# Why do spin correlation functions in Ising Models decay exponentially below the critical temperature?

I'm trying to form a better understanding of the 2D Ising Model, in particular the behaviour of the correlation functions between spins of distance $r$.

I've found a number of explanatory texts that seem to indicate that at both above and below the critical temperature $T_c$, the correlation function $C(r)$ decays exponentially at some correlation length $\xi$, and this helps us determine typical domain sizes. At $T_c$, the correlation length diverges to infinity. Here's an image from (http://math.arizona.edu/~tgk/541/chap1.pdf) to illustrate what I mean ($\beta$ of course is inverse temperature).

1. $T > T_c$: This makes sense to me - adjacent spins are practically independent so domains are tiny, and the correlation length tends to zero as temperature increases.

2. $T < T_c$: This doesn't make intuitive sense to me - I was under the impression that below $T_c$ the domains were large enough to ensure spontaneous magnetisation was observed. However the above is indicating that the typical correlation length ($\xi$) tends to zero as the temperature rises - and therefore domains shrink? I would have thought:

• The correlation function $C_r$ should not decay exponentially at all, but remain at a constant (as is indicated on Chapter 1, page 6 of Paul Fendley's "Modern Statistical Mechanics" draft)
• If they do decay exponentially, they would decay to a value > 0 (as is indicated on page 216 of Sethna's "Entropy, Order Parameters and Complexity")
• If they do decay exponentially and to 0, then surely as $T \rightarrow 0$, the correlation length $\xi$ should tend to infinity, as at $T = 0$ we know that all spins must perfectly correlate with arbitrarily far spins?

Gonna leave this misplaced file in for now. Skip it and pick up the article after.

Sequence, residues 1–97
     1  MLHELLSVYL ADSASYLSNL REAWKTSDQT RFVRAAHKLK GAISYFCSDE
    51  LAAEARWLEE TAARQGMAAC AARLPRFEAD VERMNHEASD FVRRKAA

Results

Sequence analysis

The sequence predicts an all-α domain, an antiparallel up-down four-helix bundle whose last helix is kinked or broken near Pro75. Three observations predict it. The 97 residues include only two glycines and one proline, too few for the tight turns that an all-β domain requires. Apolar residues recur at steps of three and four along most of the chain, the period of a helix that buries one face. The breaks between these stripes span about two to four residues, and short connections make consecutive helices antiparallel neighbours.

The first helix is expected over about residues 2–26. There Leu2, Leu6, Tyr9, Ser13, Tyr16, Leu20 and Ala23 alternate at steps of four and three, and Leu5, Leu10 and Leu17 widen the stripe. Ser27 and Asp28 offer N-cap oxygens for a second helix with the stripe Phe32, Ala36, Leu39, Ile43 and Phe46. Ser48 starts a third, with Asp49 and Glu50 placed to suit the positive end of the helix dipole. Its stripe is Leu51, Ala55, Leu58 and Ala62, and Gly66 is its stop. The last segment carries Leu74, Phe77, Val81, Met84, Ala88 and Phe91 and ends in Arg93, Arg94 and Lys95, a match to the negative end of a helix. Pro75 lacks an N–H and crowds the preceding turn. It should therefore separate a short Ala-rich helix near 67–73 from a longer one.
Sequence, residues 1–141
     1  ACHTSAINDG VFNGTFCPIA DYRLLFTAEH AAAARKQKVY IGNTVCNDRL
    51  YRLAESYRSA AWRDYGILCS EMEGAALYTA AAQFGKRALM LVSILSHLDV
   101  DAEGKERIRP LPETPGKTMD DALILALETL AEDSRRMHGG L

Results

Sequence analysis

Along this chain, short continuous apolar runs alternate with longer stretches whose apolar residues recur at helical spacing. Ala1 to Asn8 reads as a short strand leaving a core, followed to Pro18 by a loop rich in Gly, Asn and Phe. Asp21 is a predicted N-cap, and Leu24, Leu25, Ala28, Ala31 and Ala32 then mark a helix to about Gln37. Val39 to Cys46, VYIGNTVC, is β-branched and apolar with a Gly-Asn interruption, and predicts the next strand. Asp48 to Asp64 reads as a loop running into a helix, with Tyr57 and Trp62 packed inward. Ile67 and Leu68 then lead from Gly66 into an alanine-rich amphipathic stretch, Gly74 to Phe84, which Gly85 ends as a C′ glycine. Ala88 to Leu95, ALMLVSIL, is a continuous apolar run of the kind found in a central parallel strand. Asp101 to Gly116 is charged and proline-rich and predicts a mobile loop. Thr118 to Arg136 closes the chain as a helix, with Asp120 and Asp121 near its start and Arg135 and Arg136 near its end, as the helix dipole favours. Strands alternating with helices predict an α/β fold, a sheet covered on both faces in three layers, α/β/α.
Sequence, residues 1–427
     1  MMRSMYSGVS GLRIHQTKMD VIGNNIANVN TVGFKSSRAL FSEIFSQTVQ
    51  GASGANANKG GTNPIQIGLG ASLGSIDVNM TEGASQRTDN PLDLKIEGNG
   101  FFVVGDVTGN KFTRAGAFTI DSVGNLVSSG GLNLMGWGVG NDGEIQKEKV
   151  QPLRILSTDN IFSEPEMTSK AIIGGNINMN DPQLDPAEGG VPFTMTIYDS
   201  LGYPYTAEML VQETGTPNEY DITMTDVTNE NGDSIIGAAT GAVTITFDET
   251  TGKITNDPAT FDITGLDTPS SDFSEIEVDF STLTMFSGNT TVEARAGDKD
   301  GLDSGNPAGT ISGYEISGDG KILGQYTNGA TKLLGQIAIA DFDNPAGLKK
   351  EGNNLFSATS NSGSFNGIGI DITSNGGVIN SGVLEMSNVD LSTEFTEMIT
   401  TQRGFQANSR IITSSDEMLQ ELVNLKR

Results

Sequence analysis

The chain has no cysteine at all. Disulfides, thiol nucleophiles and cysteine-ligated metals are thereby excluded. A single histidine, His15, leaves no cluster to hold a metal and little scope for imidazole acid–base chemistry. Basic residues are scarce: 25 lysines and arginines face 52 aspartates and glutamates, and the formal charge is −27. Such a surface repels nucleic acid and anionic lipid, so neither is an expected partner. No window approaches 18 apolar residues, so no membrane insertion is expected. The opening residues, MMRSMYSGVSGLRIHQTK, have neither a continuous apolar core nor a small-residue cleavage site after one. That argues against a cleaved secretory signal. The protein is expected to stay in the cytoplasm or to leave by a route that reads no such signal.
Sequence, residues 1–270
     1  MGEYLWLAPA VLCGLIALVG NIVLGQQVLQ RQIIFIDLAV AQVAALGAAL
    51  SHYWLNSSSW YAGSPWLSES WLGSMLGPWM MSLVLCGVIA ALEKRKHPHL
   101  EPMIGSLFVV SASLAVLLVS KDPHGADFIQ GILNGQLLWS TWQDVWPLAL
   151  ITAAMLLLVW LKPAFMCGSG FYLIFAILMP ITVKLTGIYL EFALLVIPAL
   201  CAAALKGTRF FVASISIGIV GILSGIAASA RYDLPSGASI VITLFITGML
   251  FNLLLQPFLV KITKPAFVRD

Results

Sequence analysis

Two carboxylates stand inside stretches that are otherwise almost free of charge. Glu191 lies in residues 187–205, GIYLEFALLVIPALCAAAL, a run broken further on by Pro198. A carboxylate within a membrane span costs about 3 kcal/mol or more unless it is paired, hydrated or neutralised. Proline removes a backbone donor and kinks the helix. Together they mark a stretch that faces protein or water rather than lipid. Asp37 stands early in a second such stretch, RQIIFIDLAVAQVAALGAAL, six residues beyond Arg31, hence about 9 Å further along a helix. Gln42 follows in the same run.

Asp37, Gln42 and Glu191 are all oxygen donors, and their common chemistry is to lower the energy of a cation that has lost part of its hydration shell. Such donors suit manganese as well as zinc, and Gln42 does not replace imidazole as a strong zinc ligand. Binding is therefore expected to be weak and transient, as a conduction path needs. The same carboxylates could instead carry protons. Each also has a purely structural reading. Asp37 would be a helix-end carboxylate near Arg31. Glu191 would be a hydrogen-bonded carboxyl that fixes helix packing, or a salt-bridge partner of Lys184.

3. $T = T_c$: If the correlation length is infinity, surely we would see perfect correlation and total magnetisation in the region close to the critical temperature? Instead at the critical temperature references indicate the correlation function takes the form $C_r \sim r^ {- \lambda}$ - the intuition of how this leap is made isn't clear to me.

Clearly, I have fundamentally misunderstood either how the correlation function and critical length work, how it relates to domain sizes, or both. I would really appreciate if someone could indicate where I have misunderstood.

For reference, I have an economics, not physics background, but need to understand the intuition of these models for my doctoral research in opinion dynamics. My primary reference text is "Dynamical Processes on Complex Systems" by Barrat et al.

First note that, as you say, the 2-point function $\langle \sigma_i \sigma_j\rangle$ does not tend to zero as $\|j-i\|\to\infty$ when $T<T_{\rm c}$; namely, $$\lim_{\|j-i\|\to\infty} \langle \sigma_i \sigma_j\rangle^+ = (m^*(T))^2,$$ where $m^*(T)=\langle\sigma_0\rangle^+$ is the spontaneous magnetization (the $+$ superscript indicates that the expectation is taken in the $+$ state).

So, when one says that correlations decay exponentially when $T<T_{\rm c}$, one is actually speaking of the truncated correlation functions. The truncated 2-point function is defined as $$\langle \sigma_i; \sigma_j\rangle^+ = \bigl\langle (\sigma_i - \langle \sigma_i\rangle^+) (\sigma_j - \langle \sigma_j\rangle^+) \bigr\rangle^+ = \langle \sigma_i \sigma_j\rangle^+ - \langle \sigma_i\rangle^+ \langle \sigma_j\rangle^+.$$ It measures how correlated the fluctuations at $i$ and $j$ are. (In probabilistic terms, this is simply the covariance between the random variables $\sigma_i$ and $\sigma_j$.) The truncated 2-point function converges to $0$ at all temperatures $T$. This is a general fact, true in the pure phases of any models, at any temperature.

Now, turning to your question, the truncated correlations indeed decay exponentially fast in the 2d Ising model for all $T\neq T_{\rm c}$.

When $T<T_{\rm c}$, you should think about it as follows: at low temperatures, spins typically take the same values (say $+1$ in the $+$ phase), with only rare fluctuations. One useful way to look at these fluctuations is by taking a geometrical viewpoint on the configurations: draw a unit length segment separating each pair of nearest-neighbor vertices at which the spins take opposite values. The union of these segments form the Peierls contours of the configuration.